I have (got) a (chronic?) headache. (spoken Br.E.)

Discussion in 'English Only' started by russian80, Feb 20, 2017.

  1. russian80

    russian80 Senior Member

    Russian
    Which one is more likely to be used while describing a chronic disease in informal spoken BrE:

    I've got a headache.
    I have a headache.
     
  2. Hermione Golightly

    Hermione Golightly Senior Member

    London
    British English
    Which what? Do you mean 'I've got...' or 'I have...'
    It makes no difference if the disease is chronic or not, 'I've got' is far more likely to be used than 'I have' or even less, 'I've'.
    You do realise that a headache isn't a disease, nor is it 'chronic' except when chronic is being used as slang.
     
  3. DonnyB

    DonnyB Sixties Mod

    Coventry, UK
    English UK Southern Standard English
    I'd expect to hear (and say) "I've got a headache". :)

    While "chronic" is used informally in this sort of context, it also has a specific meaning in medical terminology, which is slightly different. I think I'd probably say "I've got a wicked headache".
     
  4. Retired-teacher Senior Member

    British English
    "Wicked" is current slang but may not last well into the future. I also hear young people use it most often to mean "very good".

    "I've got a chronic headache" to mean "I've got a bad headache" is medically incorrect but I suggest that it is regularly used.
     
  5. Enquiring Mind

    Enquiring Mind Senior Member

    UK/Česká republika
    English - the Queen's
    I've got a terrible/dreadful/awful/stinking (or "really bad") headache.
     
  6. Thomas Tompion Senior Member

    Southern England
    English - England
    You ask which of the two is more likely to be used in informal spoken BE yet people are suggesting all sorts of other ways of saying this.

    I agree with Hermione. I've got is much more likely.

    It's mostly old fusspots like me that say I have a headache.
     
  7. russian80

    russian80 Senior Member

    Russian
    Ok, which one is used more often to describe a recurrent event?
    Is one more likely to say, "We've got a lot of rain here every summer" ?
     
  8. Enquiring Mind

    Enquiring Mind Senior Member

    UK/Česká republika
    English - the Queen's
    Hi russian80: I wonder if you mean "I keep getting these dreadful/awful/terrible etc headaches"?
     
  9. Thomas Tompion Senior Member

    Southern England
    English - England
    We aren't likely to use We've got for a recurrent event at all.

    We'd say We have a lot of rain here every summer or We get a lot of rain here every summer.

    For your headache case, we'd say I get frequent headaches or I have frequent headaches, or I have headaches.

    Or other things, such as Enquiring Mind's suggestion.
     
  10. Franco-filly Senior Member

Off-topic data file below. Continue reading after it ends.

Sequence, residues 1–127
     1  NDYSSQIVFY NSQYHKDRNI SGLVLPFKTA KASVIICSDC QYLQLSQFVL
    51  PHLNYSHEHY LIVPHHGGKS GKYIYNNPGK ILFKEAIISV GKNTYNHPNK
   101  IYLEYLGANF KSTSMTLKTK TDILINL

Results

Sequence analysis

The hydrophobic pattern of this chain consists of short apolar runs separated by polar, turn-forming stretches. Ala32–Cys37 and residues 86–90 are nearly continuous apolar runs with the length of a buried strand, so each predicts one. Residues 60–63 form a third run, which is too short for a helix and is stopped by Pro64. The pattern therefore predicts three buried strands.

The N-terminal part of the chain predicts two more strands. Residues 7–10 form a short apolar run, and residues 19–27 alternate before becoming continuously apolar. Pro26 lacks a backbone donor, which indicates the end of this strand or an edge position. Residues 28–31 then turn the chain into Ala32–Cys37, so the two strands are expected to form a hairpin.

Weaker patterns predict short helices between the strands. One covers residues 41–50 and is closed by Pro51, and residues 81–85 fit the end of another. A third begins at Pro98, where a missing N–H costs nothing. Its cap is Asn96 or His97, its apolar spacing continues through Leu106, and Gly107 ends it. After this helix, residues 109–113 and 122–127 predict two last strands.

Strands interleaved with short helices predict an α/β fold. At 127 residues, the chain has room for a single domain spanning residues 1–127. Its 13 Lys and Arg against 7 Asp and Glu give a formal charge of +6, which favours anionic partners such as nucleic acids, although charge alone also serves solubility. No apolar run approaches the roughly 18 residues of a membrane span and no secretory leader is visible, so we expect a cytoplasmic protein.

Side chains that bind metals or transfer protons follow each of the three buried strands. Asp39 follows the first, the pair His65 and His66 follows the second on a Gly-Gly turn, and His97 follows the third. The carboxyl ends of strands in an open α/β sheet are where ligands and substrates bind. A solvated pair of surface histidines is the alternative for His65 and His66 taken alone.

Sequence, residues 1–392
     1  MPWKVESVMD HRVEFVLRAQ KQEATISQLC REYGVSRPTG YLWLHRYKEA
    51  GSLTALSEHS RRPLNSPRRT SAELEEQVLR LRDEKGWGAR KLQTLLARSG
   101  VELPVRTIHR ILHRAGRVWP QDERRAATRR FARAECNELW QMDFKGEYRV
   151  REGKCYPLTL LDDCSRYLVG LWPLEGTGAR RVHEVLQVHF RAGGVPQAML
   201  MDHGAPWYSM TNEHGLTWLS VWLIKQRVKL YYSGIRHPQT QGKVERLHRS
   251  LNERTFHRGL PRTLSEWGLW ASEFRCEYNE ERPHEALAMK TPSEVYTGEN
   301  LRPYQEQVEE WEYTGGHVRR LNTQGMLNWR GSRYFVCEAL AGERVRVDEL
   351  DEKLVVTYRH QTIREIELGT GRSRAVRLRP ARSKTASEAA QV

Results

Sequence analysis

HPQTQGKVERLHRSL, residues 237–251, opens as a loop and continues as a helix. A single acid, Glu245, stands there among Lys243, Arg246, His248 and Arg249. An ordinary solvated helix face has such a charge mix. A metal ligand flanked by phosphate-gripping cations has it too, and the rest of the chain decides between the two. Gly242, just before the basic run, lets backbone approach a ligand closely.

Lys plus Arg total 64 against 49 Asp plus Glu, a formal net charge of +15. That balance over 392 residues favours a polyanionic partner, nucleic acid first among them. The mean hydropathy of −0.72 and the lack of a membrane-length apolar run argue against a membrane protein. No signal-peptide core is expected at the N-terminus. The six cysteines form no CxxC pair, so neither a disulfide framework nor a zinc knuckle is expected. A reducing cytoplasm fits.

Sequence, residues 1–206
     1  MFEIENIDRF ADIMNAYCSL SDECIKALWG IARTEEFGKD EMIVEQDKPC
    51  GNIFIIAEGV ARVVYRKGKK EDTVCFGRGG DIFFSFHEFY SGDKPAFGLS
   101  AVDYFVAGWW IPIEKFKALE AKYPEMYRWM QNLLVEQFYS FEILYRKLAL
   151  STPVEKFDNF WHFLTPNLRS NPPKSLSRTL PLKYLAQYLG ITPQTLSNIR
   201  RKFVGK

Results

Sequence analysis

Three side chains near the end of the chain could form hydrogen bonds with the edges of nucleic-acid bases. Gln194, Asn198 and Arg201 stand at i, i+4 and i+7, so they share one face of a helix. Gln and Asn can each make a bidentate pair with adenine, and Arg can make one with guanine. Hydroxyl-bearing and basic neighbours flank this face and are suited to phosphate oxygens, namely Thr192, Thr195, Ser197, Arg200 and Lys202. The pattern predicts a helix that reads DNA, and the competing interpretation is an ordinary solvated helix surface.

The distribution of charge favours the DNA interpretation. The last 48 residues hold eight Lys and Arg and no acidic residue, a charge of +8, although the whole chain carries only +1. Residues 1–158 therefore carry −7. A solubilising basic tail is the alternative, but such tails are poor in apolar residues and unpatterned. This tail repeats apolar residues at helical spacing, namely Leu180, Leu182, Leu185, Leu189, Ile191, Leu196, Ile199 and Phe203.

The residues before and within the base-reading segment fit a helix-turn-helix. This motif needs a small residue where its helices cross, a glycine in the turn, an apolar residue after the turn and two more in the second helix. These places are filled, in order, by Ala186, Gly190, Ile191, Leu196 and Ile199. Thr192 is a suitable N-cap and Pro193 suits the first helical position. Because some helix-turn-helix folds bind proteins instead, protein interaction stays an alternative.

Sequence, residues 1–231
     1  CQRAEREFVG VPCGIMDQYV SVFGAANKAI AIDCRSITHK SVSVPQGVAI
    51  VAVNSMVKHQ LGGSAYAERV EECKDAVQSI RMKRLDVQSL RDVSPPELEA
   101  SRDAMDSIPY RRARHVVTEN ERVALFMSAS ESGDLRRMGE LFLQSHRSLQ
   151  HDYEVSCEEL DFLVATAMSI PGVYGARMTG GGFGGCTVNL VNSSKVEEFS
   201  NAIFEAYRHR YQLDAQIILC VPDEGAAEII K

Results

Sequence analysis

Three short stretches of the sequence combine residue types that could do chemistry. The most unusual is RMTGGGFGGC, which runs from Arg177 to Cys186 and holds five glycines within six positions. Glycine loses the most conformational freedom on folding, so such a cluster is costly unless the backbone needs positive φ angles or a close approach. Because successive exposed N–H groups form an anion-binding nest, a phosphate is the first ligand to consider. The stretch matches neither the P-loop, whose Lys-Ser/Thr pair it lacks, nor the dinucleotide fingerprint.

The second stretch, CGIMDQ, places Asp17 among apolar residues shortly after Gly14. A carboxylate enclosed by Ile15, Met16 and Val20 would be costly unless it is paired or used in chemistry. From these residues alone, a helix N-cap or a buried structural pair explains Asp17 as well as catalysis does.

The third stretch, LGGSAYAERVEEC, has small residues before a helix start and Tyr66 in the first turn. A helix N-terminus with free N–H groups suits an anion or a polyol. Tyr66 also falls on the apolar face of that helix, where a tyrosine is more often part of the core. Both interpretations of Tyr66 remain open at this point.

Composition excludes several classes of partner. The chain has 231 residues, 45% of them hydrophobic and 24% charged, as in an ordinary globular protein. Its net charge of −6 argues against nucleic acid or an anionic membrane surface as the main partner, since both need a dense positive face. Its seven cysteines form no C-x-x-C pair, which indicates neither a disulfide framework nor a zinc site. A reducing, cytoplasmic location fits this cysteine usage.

Southern England
    English - Southern England
    For a recurrent event we'd say, "We get a lot of rain" "I frequently get blinding headaches" etc.
     
  11. cando Senior Member

    English - British
    “Have got” is used for current/present/actual situations. So “we’ve got” in your example is incompatible with saying “every summer”. To speak about recurrent situations, you should use “get”. Therefore it should be: “We get a lot of rain here every summer" or “I get bad headaches”.

    CROSSED WITH THE POSTS ABOVE
     
  12. Hermione Golightly

    Hermione Golightly Senior Member

    London
    British English
    So you have now changed from the ambiguous 'chronic', and 'diseases' of the OP, have you?
     
  13. DonnyB

    DonnyB Sixties Mod

    Coventry, UK
    English UK Southern Standard English
    Sticking to the thread topic (which is headaches, and not rain ;)), I'd say:

    "I get/keep getting these awful headaches" if they're still occurring
    "I used to get these awful headaches" if they've stopped. :)
     
  14. You little ripper! Senior Member

    Australia
    Australian English
    If you have a recurring headache accompanied by dizziness, nausea, fatigue, sensitivity to light, sounds and smells, you could have a 'migraine'.
     
  15. russian80

    russian80 Senior Member

    Russian
    Your contributions, Thomas, are very much to the point :thumbsup:
    Does the usage differ across different age groups?
     
  16. pickarooney

    pickarooney Senior Member

    Provence, France
    English (Ireland)
    I would never have guessed that "I've got" was much more common that "I have" in Br.E. I would say it's the other way around in Hiberno-English, but I've no statistics to back that up.
    Then again, apparently we're the only people that say "Have you a headache?" so there's probably a certain inevitability about it.
     
  17. JulianStuart

    JulianStuart Senior Member

    Sonoma County CA
    English (UK then US)
    Of course, in AE, the "I have ..." is likely to be used much more frequently than in BE. Based on comments from another member from Ireland, I'd expect the "I've a bad headache" to be well represented in Hiberno-English:)
     
  18. pickarooney

    pickarooney Senior Member

    Provence, France
    English (Ireland)
    Yeah, who needs to be using extra words when your head is pounding!
    Again, I thought that "I've got" or "I [] got" were more common in the US. Always learning.
     
  19. JulianStuart